Open Accessibility Menu
Hide

Clinic Mandatory Immunization Policy

mandatory immunizations vaccinations at CCH in Gillette, WyomingEffective October 1, 2019, all new pediatric patients to the Campbell County Medical Group Main Clinic (Family Medicine and Pediatrics) will be required to adhere to the Centers for Disease Control and Prevention (CDC) recommended immunization schedule.

Current patients who are not immunized or under-immunized will have 30 days to start a catch-up immunization plan, with the assistance of our clinic. The only exemptions for not completing the immunization schedule will be medical exemptions, in accordance with recommendations from the CDC and American Academy of Pediatrics (AAP).

We realize that you care deeply about your child’s health and safety, and as providers, we are committed to their health and safety.

We firmly believe that immunizing children and young adults may be the single most important health promotion intervention we perform as healthcare providers, and that you can promote as parents/caregivers. Immunizations are so effective at preventing illness that most parents have never seen a child with polio, tetanus, whooping cough, bacterial meningitis or even chickenpox, or know of anyone whose child died of one of these diseases. Unfortunately, such successes can make us complacent about immunization.

We want you to know:

  • We firmly believe in the effectiveness of immunizations to prevent serious illness and save lives.
  • We firmly believe in the safety of our immunizations.
  • We firmly believe that all children and young adults should receive all the recommended immunizations according to the schedule published by the CDC and the AAP. Breaking up or delaying immunizations goes against expert recommendations and can put your child as risk for serious illness, or even death.

For our patients who are currently under-immunized, we would be happy to address your concerns in our office as this policy goes into effect. As the time is limited during prescheduled visits, we may not have time to answer all of your questions during that appointment. However, we are happy to schedule an Immunization Counseling Visit on a first come, first served basis for a limited time. Call the Main Clinic at 307-688-3636 to schedule.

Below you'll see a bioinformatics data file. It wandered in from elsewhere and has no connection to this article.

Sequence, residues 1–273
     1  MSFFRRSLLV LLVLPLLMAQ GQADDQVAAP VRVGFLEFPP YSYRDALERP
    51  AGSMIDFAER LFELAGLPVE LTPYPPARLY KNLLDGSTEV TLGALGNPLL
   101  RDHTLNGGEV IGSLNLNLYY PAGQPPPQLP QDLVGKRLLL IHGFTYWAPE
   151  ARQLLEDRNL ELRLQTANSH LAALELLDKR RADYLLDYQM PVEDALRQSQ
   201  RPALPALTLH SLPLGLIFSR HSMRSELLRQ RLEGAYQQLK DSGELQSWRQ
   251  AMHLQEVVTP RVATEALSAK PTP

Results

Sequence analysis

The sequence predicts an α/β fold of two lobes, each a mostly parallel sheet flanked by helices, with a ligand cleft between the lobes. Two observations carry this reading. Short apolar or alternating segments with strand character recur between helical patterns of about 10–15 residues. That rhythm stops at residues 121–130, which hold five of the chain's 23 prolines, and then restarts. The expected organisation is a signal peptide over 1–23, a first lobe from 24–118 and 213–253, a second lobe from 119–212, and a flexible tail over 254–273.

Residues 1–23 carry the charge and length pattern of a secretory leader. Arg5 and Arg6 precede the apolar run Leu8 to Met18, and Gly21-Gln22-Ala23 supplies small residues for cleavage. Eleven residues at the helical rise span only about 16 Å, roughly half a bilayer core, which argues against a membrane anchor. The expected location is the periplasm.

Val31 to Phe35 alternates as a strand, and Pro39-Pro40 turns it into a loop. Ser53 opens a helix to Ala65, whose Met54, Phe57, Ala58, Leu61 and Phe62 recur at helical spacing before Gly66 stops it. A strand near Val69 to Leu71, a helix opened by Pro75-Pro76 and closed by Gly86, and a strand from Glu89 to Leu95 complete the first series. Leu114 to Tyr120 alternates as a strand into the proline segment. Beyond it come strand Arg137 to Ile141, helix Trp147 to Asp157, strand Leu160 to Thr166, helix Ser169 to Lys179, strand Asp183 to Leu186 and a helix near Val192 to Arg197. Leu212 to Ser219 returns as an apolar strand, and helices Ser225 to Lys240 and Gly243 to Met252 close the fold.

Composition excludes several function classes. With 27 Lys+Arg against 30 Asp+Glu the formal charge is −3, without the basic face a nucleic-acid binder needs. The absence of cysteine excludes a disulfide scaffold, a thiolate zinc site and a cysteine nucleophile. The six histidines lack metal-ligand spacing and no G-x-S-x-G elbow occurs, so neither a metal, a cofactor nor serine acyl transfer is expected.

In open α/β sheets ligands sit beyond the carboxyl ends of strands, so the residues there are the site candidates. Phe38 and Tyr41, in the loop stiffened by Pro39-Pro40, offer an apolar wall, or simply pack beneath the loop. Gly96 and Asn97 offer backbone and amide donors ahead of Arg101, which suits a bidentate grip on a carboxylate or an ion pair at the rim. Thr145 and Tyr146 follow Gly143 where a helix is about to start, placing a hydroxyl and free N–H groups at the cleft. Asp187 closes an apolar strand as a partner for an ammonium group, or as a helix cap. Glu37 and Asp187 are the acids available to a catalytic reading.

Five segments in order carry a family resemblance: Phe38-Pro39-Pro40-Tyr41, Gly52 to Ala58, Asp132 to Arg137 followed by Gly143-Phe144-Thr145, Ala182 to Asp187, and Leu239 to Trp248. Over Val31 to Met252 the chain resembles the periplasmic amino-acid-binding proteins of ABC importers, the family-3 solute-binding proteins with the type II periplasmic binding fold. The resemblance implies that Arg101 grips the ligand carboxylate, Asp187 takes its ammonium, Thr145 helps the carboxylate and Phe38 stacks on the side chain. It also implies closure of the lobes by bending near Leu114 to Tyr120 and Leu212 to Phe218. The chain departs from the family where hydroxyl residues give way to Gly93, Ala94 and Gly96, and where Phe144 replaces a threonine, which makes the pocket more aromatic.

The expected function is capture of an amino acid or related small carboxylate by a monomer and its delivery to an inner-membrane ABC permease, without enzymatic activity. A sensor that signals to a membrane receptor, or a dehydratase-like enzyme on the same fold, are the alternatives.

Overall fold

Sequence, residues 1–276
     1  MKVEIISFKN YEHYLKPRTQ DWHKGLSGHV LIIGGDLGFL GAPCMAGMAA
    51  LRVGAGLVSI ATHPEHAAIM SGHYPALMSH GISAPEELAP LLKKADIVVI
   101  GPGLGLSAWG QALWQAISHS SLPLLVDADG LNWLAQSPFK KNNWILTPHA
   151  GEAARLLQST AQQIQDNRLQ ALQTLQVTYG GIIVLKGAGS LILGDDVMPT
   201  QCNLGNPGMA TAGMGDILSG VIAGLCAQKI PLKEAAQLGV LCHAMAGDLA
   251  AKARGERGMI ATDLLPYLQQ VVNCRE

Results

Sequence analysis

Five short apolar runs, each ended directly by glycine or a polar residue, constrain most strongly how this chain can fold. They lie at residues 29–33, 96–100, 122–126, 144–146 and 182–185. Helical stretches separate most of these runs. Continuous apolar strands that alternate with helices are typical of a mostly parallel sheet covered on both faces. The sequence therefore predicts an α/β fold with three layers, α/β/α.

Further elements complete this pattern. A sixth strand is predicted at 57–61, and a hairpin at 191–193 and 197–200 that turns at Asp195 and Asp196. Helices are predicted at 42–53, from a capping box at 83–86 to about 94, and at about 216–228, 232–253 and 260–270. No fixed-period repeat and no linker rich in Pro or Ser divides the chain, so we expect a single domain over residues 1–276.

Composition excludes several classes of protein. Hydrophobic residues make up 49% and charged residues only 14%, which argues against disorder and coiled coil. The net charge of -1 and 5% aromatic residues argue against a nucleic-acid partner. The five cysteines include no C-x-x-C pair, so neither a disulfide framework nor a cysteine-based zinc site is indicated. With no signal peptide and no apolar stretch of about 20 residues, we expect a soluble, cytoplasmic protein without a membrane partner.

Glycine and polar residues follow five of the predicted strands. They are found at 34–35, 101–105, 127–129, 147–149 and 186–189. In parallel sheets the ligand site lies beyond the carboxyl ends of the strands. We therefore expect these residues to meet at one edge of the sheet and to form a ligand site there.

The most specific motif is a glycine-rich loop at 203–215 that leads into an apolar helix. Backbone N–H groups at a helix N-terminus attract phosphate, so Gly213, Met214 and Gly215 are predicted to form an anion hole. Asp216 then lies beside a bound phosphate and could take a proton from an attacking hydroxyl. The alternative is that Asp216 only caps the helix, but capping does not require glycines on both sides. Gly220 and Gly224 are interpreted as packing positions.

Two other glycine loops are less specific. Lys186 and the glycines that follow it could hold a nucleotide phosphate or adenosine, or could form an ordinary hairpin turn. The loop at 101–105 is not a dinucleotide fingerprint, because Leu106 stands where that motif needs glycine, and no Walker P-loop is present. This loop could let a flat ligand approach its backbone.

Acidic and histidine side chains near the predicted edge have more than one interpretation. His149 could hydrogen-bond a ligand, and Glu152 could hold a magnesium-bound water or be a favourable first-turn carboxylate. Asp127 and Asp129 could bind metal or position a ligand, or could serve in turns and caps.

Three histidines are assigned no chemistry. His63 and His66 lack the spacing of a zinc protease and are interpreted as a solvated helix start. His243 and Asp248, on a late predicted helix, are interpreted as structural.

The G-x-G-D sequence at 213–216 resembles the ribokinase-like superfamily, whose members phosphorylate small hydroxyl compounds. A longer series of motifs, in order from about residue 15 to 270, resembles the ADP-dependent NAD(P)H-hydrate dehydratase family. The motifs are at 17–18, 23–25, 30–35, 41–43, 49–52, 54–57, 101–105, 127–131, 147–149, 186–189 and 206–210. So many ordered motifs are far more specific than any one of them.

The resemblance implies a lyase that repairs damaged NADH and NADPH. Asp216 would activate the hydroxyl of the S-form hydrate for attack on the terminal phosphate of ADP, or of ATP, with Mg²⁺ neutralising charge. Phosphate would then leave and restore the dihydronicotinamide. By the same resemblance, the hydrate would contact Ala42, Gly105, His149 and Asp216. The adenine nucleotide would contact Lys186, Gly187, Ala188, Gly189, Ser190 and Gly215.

Practice Philosopy/Policy

Campbell County Medical Group’s Main Clinic Pediatrics and Family Medicine providers have agreed to a practice philosophy that supports adhering to the CDC’s recommended immunization schedule. The terms immunization policy or vaccination policy are commonly used in pediatric practices and refers to a provider’s or group’s decision regarding unimmunized patients in their office. Ultimately, the practice of medicine is guided by a provider’s training and critical thinking skills, and aided by medical research and the advice of professional organizations.

Omitting, delaying or changing the recommended immunization schedule goes against expert recommendations and can put children at risk of serious illness or even death.

We value the relationship we have with all our patients, and will schedule an immunization counseling visit to answer questions. There are options within Campbell County Medical Group for those families who choose not to abide by the CDC immunization schedule. The Kid Clinic, 307-688-8700, and the Walk-in Clinic, 307-688-9255, are available to provide pediatric healthcare. Big Horn Pediatrics will be joining Campbell County Medical Group as of December 1, and they will also see pediatric patients who are not following the CDC immunization schedule.